Among my various exploits in Australia in 2013 was a trip to the famous Taronga Zoo, and whilst there, I managed to get involved in feeding penguins there. Many people associate penguins only with the colder climates of the world like Antarctica, and of course there are several species of penguins who are native to this area, including the larger birds like King and Emperor penguins. However, a number of the species live in warmer climes, and I have, for example, visited African or Jackass penguins in South Africa, and I have previously sponsored a Humboldt penguin, which is native to South America.. The most northerly of the penguin species is the Galapagos penguin, some of whom stray ever so slightly into the northern hemisphere, given their equatorial location.
Among the various species is what used to be known as the Fairy penguin, or these days is more commonly referred to as the Little penguin, but also known as the Blue or Little Blue penguin in various places. There are plenty of places in Australia and New Zealand where people can see these creatures, such as the famous Philip Island Penguin Parade near Melbourne. Many people have seen larger penguin species being very comfortable with human visitors to their homes in Antarctica. Species like the Emperor penguin have no natural land predators, and as such, are often curious about humans. The smaller penguins which generally live in more populated areas – as the creatures broadly following Bergmann’s rule, with the larger species living in colder climates – have more land based predators as diverse as seals, foxes and domestic cats. Therefore, these penguins are more likely to be wary of humans.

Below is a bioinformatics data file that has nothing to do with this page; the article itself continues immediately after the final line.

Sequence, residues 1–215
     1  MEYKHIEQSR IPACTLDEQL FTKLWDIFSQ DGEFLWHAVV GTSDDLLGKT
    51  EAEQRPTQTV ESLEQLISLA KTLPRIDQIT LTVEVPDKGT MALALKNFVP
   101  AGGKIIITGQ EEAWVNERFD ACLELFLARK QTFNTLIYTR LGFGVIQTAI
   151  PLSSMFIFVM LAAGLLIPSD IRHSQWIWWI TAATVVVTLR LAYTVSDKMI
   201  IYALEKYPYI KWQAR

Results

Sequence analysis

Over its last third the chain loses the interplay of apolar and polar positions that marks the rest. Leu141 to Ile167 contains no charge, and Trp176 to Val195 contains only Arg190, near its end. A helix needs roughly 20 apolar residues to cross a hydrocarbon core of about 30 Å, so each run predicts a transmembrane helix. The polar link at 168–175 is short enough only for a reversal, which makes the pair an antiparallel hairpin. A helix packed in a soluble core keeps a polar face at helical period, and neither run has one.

Taronga Zoo in Sydney is an impressive place, based on a hill with great views across the harbour. We arrived and took the cable car to the top of the park, and made our way down through the zoo to get to the exit. On the way, we managed to stop off and get involved in feeding time with the Little penguins there. It was a great experience, giving these fantastic little characters their lunch, which meant sitting still in their enclosure and doing my best not to disturb them as they hopped around me to get their meal. I am a big fan of penguins, and this was a fantastic opportunity to get close to them. This was certainly one of my highlights of my antipodean visit.